Explosive Ordnance Disposal (EOD) Memorial

Read more about the Expoosive Ordnance Disposal Memorial at http://www.offbeattravel.com/tji-explosive-ordnance-disposal-memorial-florida.html

Many people are not familiar with who Explosive Ordnance Disposal (EOD) technicians or what they do in our military. There is a place in Florida that both honors the EOD technicians and tells the public about their heroism. It's the EOD Memorial Wall. "The EOD Memorial Wall is a beautiful structure that features the names of over 300 fallen EOD warriors and it's open to the public," explains Nicole Motsek, executive director of the EOD Warrior Foundation. "We encourage people to visit the EOD memorial, and learn all they can about EOD technicians and the lifesaving work they do."

Visiting the Wall

The EOD Memorial Wall is located at the Eglin Air Force Base in the Florida panhandle. The Memorial Wall was built in 1969 and contains the names of fallen EOD warriors. The wall is on a military base that is secure, but it is open to the public. Weekday times are 5:00 a.m. to 6:00 p.m., with holiday and weekend hours being noon until 4:00 p.m. If you are planning a trip to the area and would like to visit outside of normal hours, please contact them and they will do everything possible to accommodate a visit to the Wall. For those who cannot visit the memorial in person, there is a virtual wall with names, bios and photos of the fallen EOD warriors on the EOD Warrior Foundation website.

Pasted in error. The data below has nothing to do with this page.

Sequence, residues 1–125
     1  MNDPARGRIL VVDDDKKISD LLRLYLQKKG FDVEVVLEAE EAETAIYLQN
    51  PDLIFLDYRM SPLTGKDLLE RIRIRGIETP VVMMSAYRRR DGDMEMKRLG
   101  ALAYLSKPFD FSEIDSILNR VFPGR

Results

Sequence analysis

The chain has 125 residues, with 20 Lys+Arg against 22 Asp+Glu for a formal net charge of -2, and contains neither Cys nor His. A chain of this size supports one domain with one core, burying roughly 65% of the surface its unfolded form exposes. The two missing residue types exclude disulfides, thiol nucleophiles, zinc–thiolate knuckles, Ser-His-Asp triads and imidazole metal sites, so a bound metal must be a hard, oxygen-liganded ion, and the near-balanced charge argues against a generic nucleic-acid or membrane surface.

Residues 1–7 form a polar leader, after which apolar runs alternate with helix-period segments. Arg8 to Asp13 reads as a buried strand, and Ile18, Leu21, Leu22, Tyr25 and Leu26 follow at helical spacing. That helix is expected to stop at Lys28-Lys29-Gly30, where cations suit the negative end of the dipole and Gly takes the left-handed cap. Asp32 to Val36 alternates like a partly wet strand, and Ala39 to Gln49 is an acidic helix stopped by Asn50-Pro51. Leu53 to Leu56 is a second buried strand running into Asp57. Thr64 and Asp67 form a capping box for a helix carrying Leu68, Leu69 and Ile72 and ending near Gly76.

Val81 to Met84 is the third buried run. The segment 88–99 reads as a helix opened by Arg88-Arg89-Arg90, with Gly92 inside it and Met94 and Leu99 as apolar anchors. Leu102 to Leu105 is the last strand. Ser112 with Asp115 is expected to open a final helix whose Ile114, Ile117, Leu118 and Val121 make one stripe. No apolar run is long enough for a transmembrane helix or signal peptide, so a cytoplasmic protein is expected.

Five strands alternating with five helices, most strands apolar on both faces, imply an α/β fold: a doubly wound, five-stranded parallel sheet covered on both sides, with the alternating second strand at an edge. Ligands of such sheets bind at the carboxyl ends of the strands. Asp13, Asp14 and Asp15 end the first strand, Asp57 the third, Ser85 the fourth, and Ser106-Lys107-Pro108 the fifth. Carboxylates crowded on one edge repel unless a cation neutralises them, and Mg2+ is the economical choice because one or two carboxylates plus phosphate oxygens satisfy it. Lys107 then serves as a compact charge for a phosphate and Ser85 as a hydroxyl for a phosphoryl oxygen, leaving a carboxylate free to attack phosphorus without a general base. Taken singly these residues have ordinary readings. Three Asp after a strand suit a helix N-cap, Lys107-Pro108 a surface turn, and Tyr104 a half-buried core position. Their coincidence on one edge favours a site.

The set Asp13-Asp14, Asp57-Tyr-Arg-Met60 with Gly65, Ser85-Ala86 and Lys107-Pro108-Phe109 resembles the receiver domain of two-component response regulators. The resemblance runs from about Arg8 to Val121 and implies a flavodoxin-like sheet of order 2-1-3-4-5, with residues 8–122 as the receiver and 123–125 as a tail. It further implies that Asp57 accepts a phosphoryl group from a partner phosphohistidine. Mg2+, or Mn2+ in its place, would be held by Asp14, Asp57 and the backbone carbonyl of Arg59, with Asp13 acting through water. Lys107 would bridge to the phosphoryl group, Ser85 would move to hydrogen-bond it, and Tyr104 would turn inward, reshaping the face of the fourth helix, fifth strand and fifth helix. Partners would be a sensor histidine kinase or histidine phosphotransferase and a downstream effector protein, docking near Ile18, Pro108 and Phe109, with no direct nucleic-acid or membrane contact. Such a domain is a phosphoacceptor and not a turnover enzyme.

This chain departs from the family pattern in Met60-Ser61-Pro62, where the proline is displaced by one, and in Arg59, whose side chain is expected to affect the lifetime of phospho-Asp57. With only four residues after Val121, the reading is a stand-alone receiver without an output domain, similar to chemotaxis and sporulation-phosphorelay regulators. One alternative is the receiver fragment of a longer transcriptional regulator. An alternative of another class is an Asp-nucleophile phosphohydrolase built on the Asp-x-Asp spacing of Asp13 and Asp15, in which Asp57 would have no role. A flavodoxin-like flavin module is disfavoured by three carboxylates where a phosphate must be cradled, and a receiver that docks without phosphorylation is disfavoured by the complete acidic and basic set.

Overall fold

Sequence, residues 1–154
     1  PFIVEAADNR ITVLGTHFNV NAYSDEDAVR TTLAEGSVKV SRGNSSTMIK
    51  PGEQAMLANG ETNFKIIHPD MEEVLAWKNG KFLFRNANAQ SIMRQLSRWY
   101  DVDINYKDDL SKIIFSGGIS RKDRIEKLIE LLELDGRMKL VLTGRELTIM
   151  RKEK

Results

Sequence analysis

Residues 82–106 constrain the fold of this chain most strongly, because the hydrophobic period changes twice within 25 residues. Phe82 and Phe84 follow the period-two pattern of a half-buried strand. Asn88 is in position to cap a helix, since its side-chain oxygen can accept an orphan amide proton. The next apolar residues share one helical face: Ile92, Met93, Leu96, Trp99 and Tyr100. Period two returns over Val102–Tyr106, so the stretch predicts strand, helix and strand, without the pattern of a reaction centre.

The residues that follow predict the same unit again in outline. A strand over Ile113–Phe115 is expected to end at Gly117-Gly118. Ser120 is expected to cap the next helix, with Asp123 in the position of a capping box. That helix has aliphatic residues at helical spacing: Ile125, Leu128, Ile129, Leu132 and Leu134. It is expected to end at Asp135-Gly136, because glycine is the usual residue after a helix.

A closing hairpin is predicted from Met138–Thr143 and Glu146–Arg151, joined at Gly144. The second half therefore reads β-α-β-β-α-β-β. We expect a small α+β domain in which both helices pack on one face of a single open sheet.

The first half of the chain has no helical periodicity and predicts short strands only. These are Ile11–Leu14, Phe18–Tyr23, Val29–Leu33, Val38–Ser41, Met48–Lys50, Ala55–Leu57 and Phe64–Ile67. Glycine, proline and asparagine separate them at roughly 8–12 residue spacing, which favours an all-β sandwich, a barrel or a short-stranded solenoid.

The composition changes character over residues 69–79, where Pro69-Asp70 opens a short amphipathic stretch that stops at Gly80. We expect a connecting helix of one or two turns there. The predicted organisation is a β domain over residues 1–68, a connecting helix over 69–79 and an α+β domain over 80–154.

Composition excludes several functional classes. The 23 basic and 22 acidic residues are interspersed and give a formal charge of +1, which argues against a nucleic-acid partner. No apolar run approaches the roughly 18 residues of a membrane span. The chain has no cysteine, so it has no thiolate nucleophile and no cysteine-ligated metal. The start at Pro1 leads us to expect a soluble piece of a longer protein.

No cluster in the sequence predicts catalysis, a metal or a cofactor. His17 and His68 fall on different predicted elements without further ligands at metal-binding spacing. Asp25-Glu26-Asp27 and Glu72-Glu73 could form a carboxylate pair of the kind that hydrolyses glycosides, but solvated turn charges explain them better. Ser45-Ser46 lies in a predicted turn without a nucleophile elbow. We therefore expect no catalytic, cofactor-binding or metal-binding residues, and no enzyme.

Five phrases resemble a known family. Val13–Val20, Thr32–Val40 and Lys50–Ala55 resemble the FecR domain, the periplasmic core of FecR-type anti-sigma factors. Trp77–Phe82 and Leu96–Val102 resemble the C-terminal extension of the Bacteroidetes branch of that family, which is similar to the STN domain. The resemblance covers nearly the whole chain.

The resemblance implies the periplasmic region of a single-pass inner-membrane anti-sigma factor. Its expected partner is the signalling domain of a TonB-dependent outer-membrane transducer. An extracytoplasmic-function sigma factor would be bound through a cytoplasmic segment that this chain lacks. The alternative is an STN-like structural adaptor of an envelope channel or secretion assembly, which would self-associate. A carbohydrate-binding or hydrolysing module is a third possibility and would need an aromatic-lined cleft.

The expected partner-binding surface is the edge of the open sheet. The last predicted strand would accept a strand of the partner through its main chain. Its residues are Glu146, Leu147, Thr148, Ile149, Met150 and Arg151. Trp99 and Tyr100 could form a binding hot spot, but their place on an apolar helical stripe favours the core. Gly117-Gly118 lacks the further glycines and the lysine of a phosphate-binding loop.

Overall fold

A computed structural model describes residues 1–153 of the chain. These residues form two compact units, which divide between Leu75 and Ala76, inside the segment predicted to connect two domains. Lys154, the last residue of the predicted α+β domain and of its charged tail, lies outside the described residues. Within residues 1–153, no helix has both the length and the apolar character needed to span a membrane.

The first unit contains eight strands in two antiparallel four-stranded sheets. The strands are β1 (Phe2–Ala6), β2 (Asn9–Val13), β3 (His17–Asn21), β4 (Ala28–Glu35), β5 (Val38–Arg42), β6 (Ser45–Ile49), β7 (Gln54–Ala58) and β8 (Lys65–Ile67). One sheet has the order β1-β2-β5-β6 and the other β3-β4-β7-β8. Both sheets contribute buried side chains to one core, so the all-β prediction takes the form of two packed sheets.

Memorial Weekend Events

The EOD Warrior Foundation will be hosting a memorial weekend, filled with activities. The EOD Memorial Weekend is May 6-7, 2016, and features events including a golf tournament, memorial ceremony, and an annual ball where LtCol Oliver North USMC (Ret.) will be the Keynote Speaker. For more information on the EOD Memorial Weekend activities, visit the site at: http://www.eodwarriorfoundation.org/eodweekend.

Who are the EOD Technicians

There are around 7,000 EOD (Explosive Ordnance Disposal) technicians in the Army, Navy, Marine Corps and Air Force, performing the most dangerous job in the military, as they disarm explosive devices on the battlefields and at home. Many EOD personnel come home with debilitating injuries, including lost limbs, blindness, paralysis, traumatic brain injuries (TBI), burns, and the invisible wounds of war, such as post-traumatic stress disorder (PTSD). Have a comment to share? Like us on Facebook - OffbeatTravelCom and post your comment.

April 5, 2016

© 2016